Awesome Stocking Stuffers for Your New iPhone
Accessories can make the iPhone an even better gift then it already is.
Thu, December 19, 2013
IDG News Service —
Apple's designers surely didn't mean for the iPhone's sleek design to be covered up, but failing to give it a protective case leaves the device vulnerable to smudges and scratches--or, worse, shattered glass and bent metal. A case is an excellent companion gift to the iPhone.
Whichever type of case you choose, make sure it doesn't block the iPhone 5/5s and iPhone 5c's bottom-mounted speaker, headphone jack, microphone, and dock-connector port; top-mounted microphone; the camera lens and flash on the back; and the camera lens, light sensor, and proximity sensor on the front--unless, of course, the case is designed so that you remove your iPhone to use it.
Similarly, if you like to use dock-cradle accessories, make sure the case is easily removable, as many of the docking accessories, such as speaker systems, are not compatible with cases.A Also, if you have an iPhone 5s, make sure that the case doesn't interfere with the Home button, so Touch ID will work properly.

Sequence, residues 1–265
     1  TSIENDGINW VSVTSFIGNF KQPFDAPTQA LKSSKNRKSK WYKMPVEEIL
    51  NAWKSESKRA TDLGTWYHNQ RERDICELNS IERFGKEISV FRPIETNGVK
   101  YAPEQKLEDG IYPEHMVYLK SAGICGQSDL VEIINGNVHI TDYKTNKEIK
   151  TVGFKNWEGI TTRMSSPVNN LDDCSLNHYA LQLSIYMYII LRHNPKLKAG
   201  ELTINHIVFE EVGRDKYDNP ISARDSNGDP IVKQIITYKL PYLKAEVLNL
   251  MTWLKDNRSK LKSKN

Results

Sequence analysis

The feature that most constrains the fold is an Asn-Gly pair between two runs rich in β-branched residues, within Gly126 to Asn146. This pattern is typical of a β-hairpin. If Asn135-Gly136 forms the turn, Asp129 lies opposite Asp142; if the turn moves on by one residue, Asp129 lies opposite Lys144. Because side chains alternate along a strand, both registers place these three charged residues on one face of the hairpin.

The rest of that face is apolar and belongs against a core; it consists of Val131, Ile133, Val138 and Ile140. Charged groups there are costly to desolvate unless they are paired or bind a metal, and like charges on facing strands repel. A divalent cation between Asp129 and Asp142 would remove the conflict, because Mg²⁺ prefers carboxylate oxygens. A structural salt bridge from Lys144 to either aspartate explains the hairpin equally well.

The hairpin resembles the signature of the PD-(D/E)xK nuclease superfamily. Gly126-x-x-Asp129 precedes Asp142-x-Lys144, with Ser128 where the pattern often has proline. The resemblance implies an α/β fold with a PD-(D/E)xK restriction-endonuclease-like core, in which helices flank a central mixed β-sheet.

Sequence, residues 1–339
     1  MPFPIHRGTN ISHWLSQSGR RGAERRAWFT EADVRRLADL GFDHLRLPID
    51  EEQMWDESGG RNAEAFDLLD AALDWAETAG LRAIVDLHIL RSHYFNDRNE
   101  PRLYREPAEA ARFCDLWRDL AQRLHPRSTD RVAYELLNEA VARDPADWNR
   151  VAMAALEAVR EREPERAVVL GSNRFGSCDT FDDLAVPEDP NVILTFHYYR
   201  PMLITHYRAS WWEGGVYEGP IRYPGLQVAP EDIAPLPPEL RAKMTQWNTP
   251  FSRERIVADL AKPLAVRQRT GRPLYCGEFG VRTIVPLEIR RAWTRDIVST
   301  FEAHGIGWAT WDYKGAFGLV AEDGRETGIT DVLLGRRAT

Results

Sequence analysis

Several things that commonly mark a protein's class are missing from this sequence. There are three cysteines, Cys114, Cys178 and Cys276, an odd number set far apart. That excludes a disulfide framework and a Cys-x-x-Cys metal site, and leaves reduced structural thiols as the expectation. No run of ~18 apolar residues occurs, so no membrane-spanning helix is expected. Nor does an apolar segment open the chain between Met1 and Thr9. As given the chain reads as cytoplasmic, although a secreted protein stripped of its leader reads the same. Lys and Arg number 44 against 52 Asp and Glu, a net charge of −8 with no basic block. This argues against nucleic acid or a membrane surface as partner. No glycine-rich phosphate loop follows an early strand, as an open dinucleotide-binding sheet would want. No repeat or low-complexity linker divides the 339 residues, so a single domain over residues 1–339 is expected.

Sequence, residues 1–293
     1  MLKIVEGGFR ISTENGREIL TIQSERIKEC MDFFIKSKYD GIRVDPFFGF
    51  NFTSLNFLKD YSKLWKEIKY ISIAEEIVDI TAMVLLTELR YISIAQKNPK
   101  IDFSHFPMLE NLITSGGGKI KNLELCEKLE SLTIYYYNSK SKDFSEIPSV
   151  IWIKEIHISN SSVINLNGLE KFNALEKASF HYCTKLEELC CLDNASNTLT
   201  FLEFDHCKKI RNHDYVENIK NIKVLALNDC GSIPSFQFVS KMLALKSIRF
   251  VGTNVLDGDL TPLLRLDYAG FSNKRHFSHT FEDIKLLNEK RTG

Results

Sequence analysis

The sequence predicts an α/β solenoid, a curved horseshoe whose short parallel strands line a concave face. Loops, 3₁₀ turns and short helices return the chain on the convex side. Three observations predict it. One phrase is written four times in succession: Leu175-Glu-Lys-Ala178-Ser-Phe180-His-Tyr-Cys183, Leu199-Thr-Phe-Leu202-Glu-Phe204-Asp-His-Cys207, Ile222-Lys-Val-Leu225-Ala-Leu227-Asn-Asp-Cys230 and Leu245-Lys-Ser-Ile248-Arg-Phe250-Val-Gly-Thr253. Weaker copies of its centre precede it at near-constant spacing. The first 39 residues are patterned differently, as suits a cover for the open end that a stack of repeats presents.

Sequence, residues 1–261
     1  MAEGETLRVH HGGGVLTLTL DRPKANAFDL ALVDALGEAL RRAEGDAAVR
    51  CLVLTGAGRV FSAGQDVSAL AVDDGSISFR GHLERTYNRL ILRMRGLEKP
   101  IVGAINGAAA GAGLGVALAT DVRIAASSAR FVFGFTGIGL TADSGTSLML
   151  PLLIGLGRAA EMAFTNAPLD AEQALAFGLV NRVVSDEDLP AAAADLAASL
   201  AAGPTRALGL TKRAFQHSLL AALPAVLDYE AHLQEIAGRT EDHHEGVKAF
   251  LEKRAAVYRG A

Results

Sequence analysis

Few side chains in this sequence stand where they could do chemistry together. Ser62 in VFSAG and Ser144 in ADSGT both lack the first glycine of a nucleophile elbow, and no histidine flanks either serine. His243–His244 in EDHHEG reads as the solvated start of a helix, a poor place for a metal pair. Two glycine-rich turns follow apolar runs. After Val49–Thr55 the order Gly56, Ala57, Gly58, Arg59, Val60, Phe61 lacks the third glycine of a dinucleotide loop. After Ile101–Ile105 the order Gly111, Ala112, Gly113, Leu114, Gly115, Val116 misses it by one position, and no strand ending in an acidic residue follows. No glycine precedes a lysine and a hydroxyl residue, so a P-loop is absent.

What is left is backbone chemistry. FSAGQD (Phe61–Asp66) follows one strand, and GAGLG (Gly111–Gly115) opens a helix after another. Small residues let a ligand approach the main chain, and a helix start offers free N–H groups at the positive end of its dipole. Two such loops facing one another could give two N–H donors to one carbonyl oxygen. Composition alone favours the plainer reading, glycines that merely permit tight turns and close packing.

Cases come in a variety of styles, from basic shells that add a rigid layer of protection to the entire phone to extra-rugged cases that can be used underwater. Our list of favorite iPhone cases runs the gamut, but here are a few that stand out:
- LifeProof Nuud ($90; Rugged; iPhone 5, 5s, and 5c)
- SwitchEasy Nude ($20; Hard-shell; iPhone 5, 5s, and 5c)
- Pad and Quill Little Pocket Book ($70; Wallet; iPhone 5, 5s, and 5c)
Extra Lightning cable
If you're like me, you have close to a zillion of Apple's old 30-pin cables lying around, coupled with accessories made to fit the 30-pin connector port.
With the iPhone 5, 5s, and 5c, you'll need products that fit its updated Lightning port. Though the iPhone ships with one cable, an extra Lightning to USB cable ($19) is a must-have, as is Apple's Lightning to 30-pin adapter ($39) for your accessories.
The iPhone comes with Apple's signature EarPods, but they're not the most comfortable (at least not to me). Plus, there are plenty of earbuds out there that provide better sound quality as well as a better fit. Use your ears--literally--to tell if a pair is good, instead of relying on reading specs: Opt to try out a pair at a brick-and-mortar store first, if you can. (For more tips, check out our headphone buying guide.)